Sunday, October 9, 2011

The pressure of modern life

We often refer to ourselves as living in a pressure cooker. Modern lifestyles are fast paced and change is rapid. I do feel like I am living in an atmosphere that is above one bar and that bar is set high. Michael Jackson thought that immersing himself in a higher pressure oxygen chamber would bring him a long and healthy life. He forgot that propathol would not. Propathol sounds like a new biofuel that is a blend of Propane and Alcohol but it was an anesthetic that put Michael into Jackson Hole. Why am I blogging about pressure? Well to increase the pressure of the system requires energy to compress the contents of the system. Highly compressed natural gas can be used as a substitute for gasoline and is in my opinion one of the two best substitutes for gasoline, the other being diesel.

Some very smart folks out of British Columbia, Canada have devised an engine that operates on 95% compressed natural gas and 5% diesel and it is now being used in long haul trucks that carry heavy loads. This Canadian company is called Westport. Cummins the famous diesel engine company has teamed with Westport and is offering an 8.9 liter engine that is quite brilliant. The truck outfit with this engine may cost $60,000 to $80,000 more than a traditional diesel engine truck, but for long haul heavy load truckers the saving of switching to natural gas from pure diesel can be as high as $50,000 a year and the added cost will be paid back in just over a year. The fuel storage is either in the form of high pressure gas or preferably in liquefied natural gas. If liquefied natural gas (LNG) is used, the waste heat from the engine is used to vaporize the LNG and pressurization is achieved without turbocharging as the evaporation on the liquid causes an increase in pressure. As natural gas has 4 atoms of hydrogen for each carbon atom and diesel only has 2 hydrogen atoms for each carbon atom, this engine will have about 25% less CO2 per mile the truck travels.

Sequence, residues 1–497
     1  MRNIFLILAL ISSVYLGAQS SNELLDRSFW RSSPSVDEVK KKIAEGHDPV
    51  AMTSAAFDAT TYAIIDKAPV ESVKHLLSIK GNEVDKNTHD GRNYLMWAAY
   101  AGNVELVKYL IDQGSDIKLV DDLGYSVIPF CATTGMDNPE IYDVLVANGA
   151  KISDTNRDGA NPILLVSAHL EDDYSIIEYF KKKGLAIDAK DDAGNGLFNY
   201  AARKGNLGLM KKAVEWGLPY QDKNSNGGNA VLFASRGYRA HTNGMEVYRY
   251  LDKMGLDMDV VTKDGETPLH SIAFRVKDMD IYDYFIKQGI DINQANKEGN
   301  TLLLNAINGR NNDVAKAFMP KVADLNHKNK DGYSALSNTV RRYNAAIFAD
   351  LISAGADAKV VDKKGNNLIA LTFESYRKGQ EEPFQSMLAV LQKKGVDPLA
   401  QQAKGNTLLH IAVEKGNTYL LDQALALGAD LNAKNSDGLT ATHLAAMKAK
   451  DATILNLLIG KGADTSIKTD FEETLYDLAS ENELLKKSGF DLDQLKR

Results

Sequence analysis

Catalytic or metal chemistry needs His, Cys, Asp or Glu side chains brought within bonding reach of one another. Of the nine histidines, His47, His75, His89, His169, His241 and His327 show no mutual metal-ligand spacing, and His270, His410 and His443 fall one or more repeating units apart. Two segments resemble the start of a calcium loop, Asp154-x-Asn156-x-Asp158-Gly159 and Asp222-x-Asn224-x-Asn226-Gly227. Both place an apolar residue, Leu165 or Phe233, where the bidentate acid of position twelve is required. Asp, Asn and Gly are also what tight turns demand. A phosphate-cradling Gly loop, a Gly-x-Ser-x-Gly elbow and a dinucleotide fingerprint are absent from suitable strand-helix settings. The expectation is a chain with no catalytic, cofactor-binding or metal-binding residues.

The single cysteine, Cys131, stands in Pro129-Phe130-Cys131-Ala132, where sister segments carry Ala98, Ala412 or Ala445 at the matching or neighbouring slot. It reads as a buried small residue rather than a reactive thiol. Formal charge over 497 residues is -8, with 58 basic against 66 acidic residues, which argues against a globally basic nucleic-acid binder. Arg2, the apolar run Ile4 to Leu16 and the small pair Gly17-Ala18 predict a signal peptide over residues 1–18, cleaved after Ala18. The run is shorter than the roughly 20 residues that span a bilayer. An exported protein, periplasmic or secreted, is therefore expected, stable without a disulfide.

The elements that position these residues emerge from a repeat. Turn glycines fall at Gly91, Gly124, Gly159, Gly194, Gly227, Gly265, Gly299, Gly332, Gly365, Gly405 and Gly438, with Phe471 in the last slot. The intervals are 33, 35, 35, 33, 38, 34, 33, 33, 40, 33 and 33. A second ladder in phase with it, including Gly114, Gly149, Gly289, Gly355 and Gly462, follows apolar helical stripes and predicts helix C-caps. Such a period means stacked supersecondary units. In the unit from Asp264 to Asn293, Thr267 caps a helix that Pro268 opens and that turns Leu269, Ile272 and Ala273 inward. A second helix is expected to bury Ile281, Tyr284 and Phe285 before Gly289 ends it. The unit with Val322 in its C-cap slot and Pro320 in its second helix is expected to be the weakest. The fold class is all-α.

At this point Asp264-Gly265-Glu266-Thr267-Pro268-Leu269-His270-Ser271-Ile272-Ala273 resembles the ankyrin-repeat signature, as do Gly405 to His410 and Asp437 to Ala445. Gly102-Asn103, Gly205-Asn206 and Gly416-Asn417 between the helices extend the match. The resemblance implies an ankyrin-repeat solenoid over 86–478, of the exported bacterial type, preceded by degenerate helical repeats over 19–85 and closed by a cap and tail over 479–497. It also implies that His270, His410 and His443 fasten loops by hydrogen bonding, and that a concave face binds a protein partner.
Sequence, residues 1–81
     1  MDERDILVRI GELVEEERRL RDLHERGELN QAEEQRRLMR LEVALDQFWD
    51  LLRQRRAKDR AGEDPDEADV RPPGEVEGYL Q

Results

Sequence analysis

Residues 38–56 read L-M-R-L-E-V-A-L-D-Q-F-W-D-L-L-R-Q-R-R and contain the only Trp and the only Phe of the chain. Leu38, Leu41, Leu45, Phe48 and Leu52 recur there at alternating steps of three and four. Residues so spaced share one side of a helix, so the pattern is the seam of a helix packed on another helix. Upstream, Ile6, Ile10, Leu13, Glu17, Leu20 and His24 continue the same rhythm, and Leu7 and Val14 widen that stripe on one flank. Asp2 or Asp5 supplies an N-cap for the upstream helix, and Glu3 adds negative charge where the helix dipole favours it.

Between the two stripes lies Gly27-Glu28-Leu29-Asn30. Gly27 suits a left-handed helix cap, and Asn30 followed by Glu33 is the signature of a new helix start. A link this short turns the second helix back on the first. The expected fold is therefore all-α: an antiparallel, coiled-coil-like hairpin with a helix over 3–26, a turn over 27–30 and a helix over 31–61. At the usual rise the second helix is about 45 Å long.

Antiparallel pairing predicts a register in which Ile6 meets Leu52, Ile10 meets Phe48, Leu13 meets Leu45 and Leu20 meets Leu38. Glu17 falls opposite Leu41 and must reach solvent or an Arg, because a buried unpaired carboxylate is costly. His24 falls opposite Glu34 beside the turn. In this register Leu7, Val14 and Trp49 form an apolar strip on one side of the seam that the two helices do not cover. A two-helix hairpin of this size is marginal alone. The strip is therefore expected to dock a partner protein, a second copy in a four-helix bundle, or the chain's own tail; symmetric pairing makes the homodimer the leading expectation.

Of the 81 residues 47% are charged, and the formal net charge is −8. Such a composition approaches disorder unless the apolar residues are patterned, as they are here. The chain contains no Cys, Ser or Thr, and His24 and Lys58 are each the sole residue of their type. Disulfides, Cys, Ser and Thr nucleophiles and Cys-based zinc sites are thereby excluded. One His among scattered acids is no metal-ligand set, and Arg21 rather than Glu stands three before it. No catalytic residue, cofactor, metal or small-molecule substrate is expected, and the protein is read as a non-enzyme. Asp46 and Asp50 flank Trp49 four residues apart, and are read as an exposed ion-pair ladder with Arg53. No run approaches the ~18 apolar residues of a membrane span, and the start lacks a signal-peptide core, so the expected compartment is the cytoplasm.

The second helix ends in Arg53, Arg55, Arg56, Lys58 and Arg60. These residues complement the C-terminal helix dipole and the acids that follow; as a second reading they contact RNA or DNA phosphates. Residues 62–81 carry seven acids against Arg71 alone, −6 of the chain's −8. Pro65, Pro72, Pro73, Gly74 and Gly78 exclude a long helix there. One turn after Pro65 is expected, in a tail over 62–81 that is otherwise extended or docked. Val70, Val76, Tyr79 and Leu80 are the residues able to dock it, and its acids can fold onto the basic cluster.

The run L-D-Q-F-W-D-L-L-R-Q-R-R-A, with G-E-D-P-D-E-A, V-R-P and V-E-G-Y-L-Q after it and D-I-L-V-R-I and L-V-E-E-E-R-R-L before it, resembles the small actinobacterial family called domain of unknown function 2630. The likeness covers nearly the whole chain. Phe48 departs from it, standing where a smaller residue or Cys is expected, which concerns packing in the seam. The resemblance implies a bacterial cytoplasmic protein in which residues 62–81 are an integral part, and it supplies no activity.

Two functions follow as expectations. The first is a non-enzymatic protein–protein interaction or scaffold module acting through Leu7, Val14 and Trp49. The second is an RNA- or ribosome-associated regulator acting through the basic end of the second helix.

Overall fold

This North American made engine, shows how good engineering can really make a difference and can be deployed with profits for the vendor, installer, and user of the system. Compare the 1 year payout to the 20 year payout on the Chevron Coalinga smoke and mirror system. Another small company, Langson Energy in Carson City, Nevada is testing an energy recovery system to capture the energy from high pressure pipeline natural gas when the gas pressure is let down and reduced at use points. Normally the potential energy of this high pressure gas is “wasted” by simply expanding the gas over a valve or regulator. The pressure can be reduced through an expander that then uses the rotary motion of the expander to drive a generator and some electricity can be derived from the potential energy stored in the compressed natural gas. The expected payout for these expander generators is between 4 and 5 years and the electricity is essentially generated in a “carbon free” manner. This shows that letting down the pressure of a system can be a good thing, likewise relieving the pressure of everyday life is also a great idea. Each of us should have an “expander” in our minds and that is precisely why I blog to let off steam.

1 comment: